August 22nd, 1964. Anfield. Liverpool, lining up with the legendary Roger Hunt up front, defeated Arsenal in a thrilling 3-2 match where both sides were separated by a last minute Don Howe own-goal.
It was another strong showing from the defending champions in front of their home supporters who were growing used to their team delivering full points in their own patch. However, it was in London, not Liverpool, where history was being made. Broadcasting history that is.
BBC’s Match of the Day was being broadcast for the very first time with former RAF pilot Kenneth Wolstenholme the presenter. Twenty thousand soccer fans in London (as the BBC2 channel was only available in the capital at the time) watched highlights of all the action in black and white. Highlights with no slow-motion replays. Can you imagine that?
Spectators in Anfield outnumbered these television viewers by 2 to 1 emphasizing the low-key start of one of today’s most, if not the most, popular soccer highlights shows.
MOTD has seen it’s fair share of legendary commentators with Wolstenholme (who commentated 23 consecutive FA finals and the 1966 World Cup, famously saying “They think it’s all over; it is now!” at the final whistle of the final), John Motson and Barry Davies.
Motson has been on the show for over 40 years, clocking up well over 2,000 matches. His voice, with all its charm and enthusiasm, has, for decades, become a familiar echo in households all over Britain and the world on Saturday nights (British time). And he’s still going on as strong as ever!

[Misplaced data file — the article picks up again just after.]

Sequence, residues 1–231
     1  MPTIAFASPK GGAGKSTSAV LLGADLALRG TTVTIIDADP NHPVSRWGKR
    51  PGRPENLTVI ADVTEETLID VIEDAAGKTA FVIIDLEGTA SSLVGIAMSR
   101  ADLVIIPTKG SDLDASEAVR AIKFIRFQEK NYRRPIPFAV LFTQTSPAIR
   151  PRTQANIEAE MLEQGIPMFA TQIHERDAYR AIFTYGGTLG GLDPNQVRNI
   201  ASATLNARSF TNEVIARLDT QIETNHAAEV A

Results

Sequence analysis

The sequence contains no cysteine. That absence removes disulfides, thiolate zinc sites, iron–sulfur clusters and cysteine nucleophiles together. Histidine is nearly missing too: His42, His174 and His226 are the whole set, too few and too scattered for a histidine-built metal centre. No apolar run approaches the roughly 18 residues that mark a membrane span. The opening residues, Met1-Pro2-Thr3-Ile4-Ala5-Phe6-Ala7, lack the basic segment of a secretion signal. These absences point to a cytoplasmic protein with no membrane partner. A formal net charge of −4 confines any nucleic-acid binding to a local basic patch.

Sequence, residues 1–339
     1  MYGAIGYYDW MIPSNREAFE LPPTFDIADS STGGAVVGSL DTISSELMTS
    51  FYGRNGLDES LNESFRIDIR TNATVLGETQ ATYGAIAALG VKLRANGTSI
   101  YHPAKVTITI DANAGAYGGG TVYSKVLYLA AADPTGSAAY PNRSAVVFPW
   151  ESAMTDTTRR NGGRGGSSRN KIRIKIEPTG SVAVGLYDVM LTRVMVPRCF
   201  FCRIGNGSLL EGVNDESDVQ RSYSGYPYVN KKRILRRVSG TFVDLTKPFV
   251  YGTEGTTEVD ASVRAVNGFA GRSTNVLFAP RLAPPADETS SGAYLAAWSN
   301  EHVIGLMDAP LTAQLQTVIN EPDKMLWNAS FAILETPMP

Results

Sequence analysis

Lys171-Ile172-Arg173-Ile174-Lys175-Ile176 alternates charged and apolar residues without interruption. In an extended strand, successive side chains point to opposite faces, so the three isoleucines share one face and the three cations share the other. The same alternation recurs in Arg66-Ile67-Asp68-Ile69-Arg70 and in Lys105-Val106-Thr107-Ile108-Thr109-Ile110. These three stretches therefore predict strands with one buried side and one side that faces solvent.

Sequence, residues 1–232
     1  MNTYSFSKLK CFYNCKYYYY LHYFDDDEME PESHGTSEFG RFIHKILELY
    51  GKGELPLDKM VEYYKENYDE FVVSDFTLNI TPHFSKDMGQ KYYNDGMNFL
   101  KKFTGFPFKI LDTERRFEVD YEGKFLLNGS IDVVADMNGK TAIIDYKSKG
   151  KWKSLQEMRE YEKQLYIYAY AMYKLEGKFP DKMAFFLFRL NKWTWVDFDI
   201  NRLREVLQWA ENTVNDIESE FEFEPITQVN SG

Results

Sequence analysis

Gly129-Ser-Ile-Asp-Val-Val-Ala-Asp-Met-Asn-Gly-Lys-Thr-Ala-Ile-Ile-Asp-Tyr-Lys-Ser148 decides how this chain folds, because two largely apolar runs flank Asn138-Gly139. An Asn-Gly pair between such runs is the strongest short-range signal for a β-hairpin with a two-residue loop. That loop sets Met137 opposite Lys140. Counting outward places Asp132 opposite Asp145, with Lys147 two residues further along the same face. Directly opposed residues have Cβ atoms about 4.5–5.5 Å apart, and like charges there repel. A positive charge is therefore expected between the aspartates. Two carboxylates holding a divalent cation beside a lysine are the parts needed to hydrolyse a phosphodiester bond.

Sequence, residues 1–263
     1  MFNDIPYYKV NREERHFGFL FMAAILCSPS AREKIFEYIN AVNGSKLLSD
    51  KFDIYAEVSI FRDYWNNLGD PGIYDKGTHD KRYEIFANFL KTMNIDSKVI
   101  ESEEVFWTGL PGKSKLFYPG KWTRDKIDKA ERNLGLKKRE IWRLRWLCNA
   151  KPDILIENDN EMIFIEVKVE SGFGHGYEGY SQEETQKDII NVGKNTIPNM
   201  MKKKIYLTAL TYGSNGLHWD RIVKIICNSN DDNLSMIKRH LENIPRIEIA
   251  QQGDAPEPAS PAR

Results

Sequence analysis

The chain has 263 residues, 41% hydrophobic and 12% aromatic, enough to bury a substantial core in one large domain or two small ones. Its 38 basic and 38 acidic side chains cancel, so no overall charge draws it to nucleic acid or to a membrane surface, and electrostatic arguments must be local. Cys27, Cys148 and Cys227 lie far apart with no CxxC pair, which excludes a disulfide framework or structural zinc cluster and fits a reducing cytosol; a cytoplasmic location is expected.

On the other hand, Davies retired in 2004, having started with MOTD in 1969. In news that delighted MOTD fans it was announced that he is to make a return as a commentator next Saturday for the Crystal Palace vs West Ham game in Selhurst Park. An iconic voice to mark an iconic occasion.
MOTD has delivered to soccer fans dozens, if not hundreds, of memorable moments, be it a goal from the halfway line by Luis Suarez, a point blank save by Peter Schmeichel, a last second goal by Sergio Aguero, a crunching tackle by Roy Keane, a header by Roger Hunt, the tears of Shay Given remembering his late friend Gary Speed, or the remembrance of the Hillsborough victims in Anfield games.
So many moments.
After all, football (or soccer) is more than just a sport. It’s a passion that fills the lives of so many people. And we’ve all lived these moments along with BBC on MOTD.